Subject(s)
COVID-19/transmission , COVID-19/virology , Macaca fascicularis , Seroconversion , Animals , Chlorocebus aethiops , Disease Models, Animal , Female , Fever/virology , Inhalation Exposure , Male , Vero Cells , Viral Load
6.
Diagnostics (Basel) ; 11(9)2021 Sep 17.
Article in English | MEDLINE | ID: covidwho-1430804

ABSTRACT

A high prevalence of hepatic pathology (in 17 of 19 cases) was reported in post-mortem (PM) examinations of COVID-19 patients, undertaken between March 2020 and February 2021 by a single autopsy pathologist in two English Coronial jurisdictions. The patients in our cohort demonstrated high levels of recognised COVID-19 risk factors, including hypertension (8/16, 50%), type 2 diabetes mellitus (8/16, 50%) and evidence of arteriopathy 6/16 (38%). Hepatic abnormalities included steatosis (12/19; 63%), moderate to severe venous congestion (5/19; 26%) and cirrhosis (4/19; 21%). A subsequent literature review indicated a significantly increased prevalence of steatosis (49%), venous congestion (34%) and cirrhosis (9.3%) in COVID-19 PM cases, compared with a pre-pandemic PM cohort (33%, 16%, and 2.6%, respectively), likely reflecting an increased mortality risk in SARS-CoV-2 infection for patients with pre-existing liver disease. To corroborate this observation, we retrospectively analysed the admission liver function test (LFT) results of 276 consecutive, anonymised COVID-19 hospital patients in our centre, for whom outcome data were available. Of these patients, 236 (85.5%) had significantly reduced albumin levels at the time of admission to hospital, which was likely indicative of pre-existing chronic liver or renal disease. There was a strong correlation between patient outcome (length of hospital admission or death) and abnormal albumin at the time of hospital admission (p = 0.000012). We discuss potential mechanisms by which our observations of hepatic dysfunction are linked to a risk of COVID-19 mortality, speculating on the importance of recently identified anti-interferon antibodies.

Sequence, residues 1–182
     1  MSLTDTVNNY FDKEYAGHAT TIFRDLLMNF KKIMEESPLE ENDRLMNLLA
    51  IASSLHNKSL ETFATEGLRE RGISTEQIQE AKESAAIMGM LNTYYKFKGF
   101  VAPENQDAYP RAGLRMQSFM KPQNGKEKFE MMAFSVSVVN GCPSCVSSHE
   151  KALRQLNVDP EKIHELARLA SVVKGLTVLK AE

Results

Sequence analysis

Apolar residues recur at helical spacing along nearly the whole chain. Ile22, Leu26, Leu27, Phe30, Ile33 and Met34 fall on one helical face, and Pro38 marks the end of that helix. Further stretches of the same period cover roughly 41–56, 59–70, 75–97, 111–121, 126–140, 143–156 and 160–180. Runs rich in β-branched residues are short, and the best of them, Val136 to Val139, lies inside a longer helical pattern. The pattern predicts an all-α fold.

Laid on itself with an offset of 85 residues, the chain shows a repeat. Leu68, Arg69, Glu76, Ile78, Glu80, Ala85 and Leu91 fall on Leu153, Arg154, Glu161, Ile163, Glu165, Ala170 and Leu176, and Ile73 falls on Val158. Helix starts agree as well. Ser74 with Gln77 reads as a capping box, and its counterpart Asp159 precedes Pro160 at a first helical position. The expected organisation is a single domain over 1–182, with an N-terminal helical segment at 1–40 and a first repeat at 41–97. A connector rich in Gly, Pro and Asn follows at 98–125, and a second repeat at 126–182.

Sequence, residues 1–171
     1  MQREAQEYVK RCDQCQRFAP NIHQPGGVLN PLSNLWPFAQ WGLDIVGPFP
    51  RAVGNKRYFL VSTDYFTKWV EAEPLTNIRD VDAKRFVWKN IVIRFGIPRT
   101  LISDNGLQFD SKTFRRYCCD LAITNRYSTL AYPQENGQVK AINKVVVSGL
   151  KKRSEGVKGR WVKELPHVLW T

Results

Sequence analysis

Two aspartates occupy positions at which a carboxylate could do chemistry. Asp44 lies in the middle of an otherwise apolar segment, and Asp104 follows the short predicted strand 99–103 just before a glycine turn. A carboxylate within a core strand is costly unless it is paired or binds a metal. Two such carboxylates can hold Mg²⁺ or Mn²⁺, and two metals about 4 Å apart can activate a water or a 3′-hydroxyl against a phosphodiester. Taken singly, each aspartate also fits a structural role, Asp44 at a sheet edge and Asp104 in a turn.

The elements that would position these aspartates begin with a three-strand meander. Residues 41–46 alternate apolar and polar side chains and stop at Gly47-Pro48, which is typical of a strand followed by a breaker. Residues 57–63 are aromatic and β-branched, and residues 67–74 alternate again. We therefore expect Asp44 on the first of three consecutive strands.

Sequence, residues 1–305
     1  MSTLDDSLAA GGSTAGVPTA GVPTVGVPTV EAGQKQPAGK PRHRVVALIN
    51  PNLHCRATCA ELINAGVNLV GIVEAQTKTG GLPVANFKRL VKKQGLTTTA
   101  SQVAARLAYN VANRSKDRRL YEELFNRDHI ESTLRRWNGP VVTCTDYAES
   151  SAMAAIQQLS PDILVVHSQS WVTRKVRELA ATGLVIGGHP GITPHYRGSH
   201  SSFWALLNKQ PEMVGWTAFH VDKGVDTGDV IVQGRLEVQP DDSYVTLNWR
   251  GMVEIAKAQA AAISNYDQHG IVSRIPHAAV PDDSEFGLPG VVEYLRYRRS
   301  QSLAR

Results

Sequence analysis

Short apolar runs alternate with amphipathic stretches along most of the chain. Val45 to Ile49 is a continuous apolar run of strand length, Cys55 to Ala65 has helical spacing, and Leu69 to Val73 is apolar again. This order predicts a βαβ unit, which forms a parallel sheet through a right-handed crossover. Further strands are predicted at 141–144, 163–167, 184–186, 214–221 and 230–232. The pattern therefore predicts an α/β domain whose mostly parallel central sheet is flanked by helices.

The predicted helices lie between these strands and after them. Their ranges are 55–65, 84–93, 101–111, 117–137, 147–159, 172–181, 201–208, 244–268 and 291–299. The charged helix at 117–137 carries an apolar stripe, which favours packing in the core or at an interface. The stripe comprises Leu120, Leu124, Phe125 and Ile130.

7.
Lancet Respir Med ; 9(10): 1130-1140, 2021 10.
Article in English | MEDLINE | ID: covidwho-1305334

ABSTRACT